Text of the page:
My Job: Art Manager At a Videogame Company

A common misconception about working in the videogame industry is that it’s more play than work, says Fred Galpern, 36. “Everyone thinks it’s like Tom Hanks in ‘Big,’ where we just sit around all day trying out different things and seeing what’s fun, but it’s not,” he says.

Mr. Galpern is the art manager at Blue Fang Games LLC, a videogame developer based in Waltham, Mass. He says his job is a lot like being a movie producer  — much of his days are spent managing a staff of 10 artists, keeping projects on schedule, within budget, and coordinating with the company’s other departments.

He’s currently working on an expansion of Blue Fang’s zoo-simulation game “Zoo Tycoon 2” called “Endangered Species.” On average, a videogame can take two years from the initial concept to market, he says. The concept is turned into a design document, which resembles a movie script, describing each aspect of the game in detail, he says. Mr. Galpern’s work starts at this stage, building an art schedule based on the design document.

“About half-way through that, I realize we are trying to squeeze too much into the game, and I start making cuts to nonessential parts,” Mr. Galpern says.

He says he cuts out complex elements that could take weeks to create but are only peripheral to the game, like a complicated tree for the zoo grounds. Once he drafts an initial schedule, he assigns members of his staff different aspects for development.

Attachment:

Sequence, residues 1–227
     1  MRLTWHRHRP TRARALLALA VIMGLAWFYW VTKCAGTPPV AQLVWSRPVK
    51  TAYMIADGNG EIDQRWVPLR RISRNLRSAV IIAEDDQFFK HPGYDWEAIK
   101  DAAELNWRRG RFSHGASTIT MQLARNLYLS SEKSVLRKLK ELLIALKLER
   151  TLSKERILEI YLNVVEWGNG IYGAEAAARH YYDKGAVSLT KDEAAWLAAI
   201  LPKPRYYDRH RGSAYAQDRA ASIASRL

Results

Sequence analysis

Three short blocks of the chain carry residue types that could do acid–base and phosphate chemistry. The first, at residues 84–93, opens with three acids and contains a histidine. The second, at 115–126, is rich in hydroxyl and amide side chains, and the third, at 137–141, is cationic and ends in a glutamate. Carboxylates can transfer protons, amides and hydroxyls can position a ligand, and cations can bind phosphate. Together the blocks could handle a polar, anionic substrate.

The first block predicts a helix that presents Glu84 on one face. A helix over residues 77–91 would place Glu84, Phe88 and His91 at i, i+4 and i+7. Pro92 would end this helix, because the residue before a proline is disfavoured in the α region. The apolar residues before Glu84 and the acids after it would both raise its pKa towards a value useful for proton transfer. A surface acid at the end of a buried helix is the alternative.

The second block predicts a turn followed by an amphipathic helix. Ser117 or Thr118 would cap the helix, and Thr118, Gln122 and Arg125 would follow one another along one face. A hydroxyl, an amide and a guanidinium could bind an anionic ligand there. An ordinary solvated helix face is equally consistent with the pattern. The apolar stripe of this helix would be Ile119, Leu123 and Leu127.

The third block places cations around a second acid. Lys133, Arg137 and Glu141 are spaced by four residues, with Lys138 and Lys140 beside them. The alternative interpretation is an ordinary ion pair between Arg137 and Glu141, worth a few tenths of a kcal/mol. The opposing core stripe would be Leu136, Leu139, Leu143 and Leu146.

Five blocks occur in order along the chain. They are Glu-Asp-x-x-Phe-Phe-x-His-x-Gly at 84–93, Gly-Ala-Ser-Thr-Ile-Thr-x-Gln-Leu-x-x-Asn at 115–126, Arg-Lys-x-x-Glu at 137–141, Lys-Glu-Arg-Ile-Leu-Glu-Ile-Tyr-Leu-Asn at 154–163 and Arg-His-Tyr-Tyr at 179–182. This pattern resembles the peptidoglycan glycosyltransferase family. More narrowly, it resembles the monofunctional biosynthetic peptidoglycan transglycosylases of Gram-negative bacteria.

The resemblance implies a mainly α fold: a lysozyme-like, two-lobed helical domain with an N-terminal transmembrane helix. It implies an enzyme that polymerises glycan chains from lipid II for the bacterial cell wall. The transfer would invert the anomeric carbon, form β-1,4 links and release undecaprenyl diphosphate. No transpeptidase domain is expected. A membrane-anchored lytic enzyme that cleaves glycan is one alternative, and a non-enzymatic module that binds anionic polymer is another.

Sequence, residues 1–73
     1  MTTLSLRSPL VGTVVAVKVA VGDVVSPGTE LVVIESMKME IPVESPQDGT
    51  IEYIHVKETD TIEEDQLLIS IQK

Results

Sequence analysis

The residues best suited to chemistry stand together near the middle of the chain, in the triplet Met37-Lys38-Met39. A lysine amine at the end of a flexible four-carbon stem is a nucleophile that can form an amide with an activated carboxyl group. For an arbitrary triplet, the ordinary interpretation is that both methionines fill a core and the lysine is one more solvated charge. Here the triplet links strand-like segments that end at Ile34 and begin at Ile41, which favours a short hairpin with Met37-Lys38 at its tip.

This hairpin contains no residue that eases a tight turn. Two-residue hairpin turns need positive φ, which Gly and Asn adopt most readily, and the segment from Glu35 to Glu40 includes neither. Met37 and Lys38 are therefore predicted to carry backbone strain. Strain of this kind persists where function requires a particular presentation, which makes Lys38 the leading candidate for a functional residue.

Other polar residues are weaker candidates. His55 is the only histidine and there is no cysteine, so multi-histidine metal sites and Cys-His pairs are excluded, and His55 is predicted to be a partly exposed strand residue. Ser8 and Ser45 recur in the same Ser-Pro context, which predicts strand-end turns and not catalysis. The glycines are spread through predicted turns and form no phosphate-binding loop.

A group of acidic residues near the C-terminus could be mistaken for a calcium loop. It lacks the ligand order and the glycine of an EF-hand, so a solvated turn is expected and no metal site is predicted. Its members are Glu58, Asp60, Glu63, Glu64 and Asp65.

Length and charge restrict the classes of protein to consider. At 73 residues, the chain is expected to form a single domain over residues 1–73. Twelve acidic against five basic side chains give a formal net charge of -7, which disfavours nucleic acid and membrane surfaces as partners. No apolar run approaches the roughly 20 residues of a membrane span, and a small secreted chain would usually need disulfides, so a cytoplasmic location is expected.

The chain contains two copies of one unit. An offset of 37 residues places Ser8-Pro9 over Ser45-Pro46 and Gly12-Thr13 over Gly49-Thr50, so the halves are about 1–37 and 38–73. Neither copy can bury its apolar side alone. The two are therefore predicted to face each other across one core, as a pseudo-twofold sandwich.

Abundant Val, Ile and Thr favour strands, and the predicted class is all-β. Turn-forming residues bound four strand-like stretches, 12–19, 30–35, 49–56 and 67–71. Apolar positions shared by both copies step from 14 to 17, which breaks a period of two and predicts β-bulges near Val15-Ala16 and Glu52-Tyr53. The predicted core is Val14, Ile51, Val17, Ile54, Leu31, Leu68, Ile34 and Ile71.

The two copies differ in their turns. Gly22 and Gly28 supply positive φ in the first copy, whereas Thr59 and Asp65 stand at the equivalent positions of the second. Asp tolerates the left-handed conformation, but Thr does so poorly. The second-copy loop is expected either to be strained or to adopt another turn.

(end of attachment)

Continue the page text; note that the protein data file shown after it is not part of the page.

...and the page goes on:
The group works on a six-week schedule to hit certain milestones, such as creating an elephant for the zoo. Typically, his workdays are from 9 a.m. to 6 p.m., but as deadlines approach, these hours can stretch to 10 a day or more as he shepherds the project through, serving as intermediary between the company’s art department and its design and engineering departments.

As with every job, there are trade-offs. He once had dreamed of becoming a comic-book artist, but, after internship in that field, he concluded his talent wouldn’t take him to the highest levels in the business where he wanted to work. While working for graphic-design companies, he learned 3D design and decided to pursue videogame design. He took his current job with Blue Fang in 2002. “Comic books and videogames are really storytelling, while the digital art is the essence of the game,” he says.

Although he is integral to the artistic aspects of the videogame, he isn’t, as a manager, creating the art.

“It took me about a year at working at my job now before the switch flipped, and I stopped missing art as much and really took satisfaction in managing,” Mr. Galpern says.

Among his duties are critiquing each piece of artwork and evaluating the work of his 10-person team.

“With something like art, deciding whether it is good or not is very subjective,” Mr. Galpern says. “My background as an artist allows me to be able to talk to them and provide constructive criticism.”

Coaching the people who work for him is the part he takes most satisfaction in.

“I enjoy seeing the people that work for me succeed,” he says. One way he helps them do  this is by addressing any problems early on, instead of waiting for a formal performance review.

This also can be the most difficult part of his job.

“The hardest part is when someone doesn’t take their responsibilities seriously, and I have to have a private conversation, or, it’s only happened once, that I’ve have to fire someone,” Mr. Galpern says. “I am a pretty emotional guy, so I was almost in tears when I had to do that.”

He says it took him a while to realize managing played into his strengths.

“It really has helped me to realize that my people skills are in many ways more valuable than my art skills,” Mr. Galpern says. “I am pretty confident that I am a good artist. I am starting to learn that I am a really good manager.”


By Stephen Grocer

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